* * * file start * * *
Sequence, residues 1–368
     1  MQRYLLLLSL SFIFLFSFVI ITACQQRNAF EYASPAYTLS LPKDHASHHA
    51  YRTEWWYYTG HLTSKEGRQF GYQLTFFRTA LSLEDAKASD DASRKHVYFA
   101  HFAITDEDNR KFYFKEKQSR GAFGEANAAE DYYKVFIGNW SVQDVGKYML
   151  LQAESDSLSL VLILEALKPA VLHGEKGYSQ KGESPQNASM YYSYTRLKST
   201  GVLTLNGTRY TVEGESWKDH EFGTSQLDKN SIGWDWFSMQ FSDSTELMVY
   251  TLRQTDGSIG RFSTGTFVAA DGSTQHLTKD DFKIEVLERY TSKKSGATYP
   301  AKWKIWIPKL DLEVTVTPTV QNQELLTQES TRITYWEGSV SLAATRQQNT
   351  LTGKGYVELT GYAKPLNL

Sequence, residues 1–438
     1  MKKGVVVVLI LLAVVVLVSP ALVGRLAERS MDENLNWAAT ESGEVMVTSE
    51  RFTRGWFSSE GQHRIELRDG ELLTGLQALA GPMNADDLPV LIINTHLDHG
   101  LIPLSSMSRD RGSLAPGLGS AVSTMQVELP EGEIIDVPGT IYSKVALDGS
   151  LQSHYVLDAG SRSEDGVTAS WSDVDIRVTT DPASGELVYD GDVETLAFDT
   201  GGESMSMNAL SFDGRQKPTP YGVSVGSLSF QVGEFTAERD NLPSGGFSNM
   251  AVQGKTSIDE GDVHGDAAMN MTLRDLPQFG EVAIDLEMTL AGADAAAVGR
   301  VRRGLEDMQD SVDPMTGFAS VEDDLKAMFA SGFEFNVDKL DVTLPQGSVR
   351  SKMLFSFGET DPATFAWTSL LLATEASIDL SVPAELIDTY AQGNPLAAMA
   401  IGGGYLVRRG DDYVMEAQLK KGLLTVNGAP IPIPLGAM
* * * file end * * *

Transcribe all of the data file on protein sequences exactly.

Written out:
Sequence, residues 1–368
     1  MQRYLLLLSL SFIFLFSFVI ITACQQRNAF EYASPAYTLS LPKDHASHHA
    51  YRTEWWYYTG HLTSKEGRQF GYQLTFFRTA LSLEDAKASD DASRKHVYFA
   101  HFAITDEDNR KFYFKEKQSR GAFGEANAAE DYYKVFIGNW SVQDVGKYML
   151  LQAESDSLSL VLILEALKPA VLHGEKGYSQ KGESPQNASM YYSYTRLKST
   201  GVLTLNGTRY TVEGESWKDH EFGTSQLDKN SIGWDWFSMQ FSDSTELMVY
   251  TLRQTDGSIG RFSTGTFVAA DGSTQHLTKD DFKIEVLERY TSKKSGATYP
   301  AKWKIWIPKL DLEVTVTPTV QNQELLTQES TRITYWEGSV SLAATRQQNT
   351  LTGKGYVELT GYAKPLNL

Sequence, residues 1–438
     1  MKKGVVVVLI LLAVVVLVSP ALVGRLAERS MDENLNWAAT ESGEVMVTSE
    51  RFTRGWFSSE GQHRIELRDG ELLTGLQALA GPMNADDLPV LIINTHLDHG
   101  LIPLSSMSRD RGSLAPGLGS AVSTMQVELP EGEIIDVPGT IYSKVALDGS
   151  LQSHYVLDAG SRSEDGVTAS WSDVDIRVTT DPASGELVYD GDVETLAFDT
   201  GGESMSMNAL SFDGRQKPTP YGVSVGSLSF QVGEFTAERD NLPSGGFSNM
   251  AVQGKTSIDE GDVHGDAAMN MTLRDLPQFG EVAIDLEMTL AGADAAAVGR
   301  VRRGLEDMQD SVDPMTGFAS VEDDLKAMFA SGFEFNVDKL DVTLPQGSVR
   351  SKMLFSFGET DPATFAWTSL LLATEASIDL SVPAELIDTY AQGNPLAAMA
   401  IGGGYLVRRG DDYVMEAQLK KGLLTVNGAP IPIPLGAM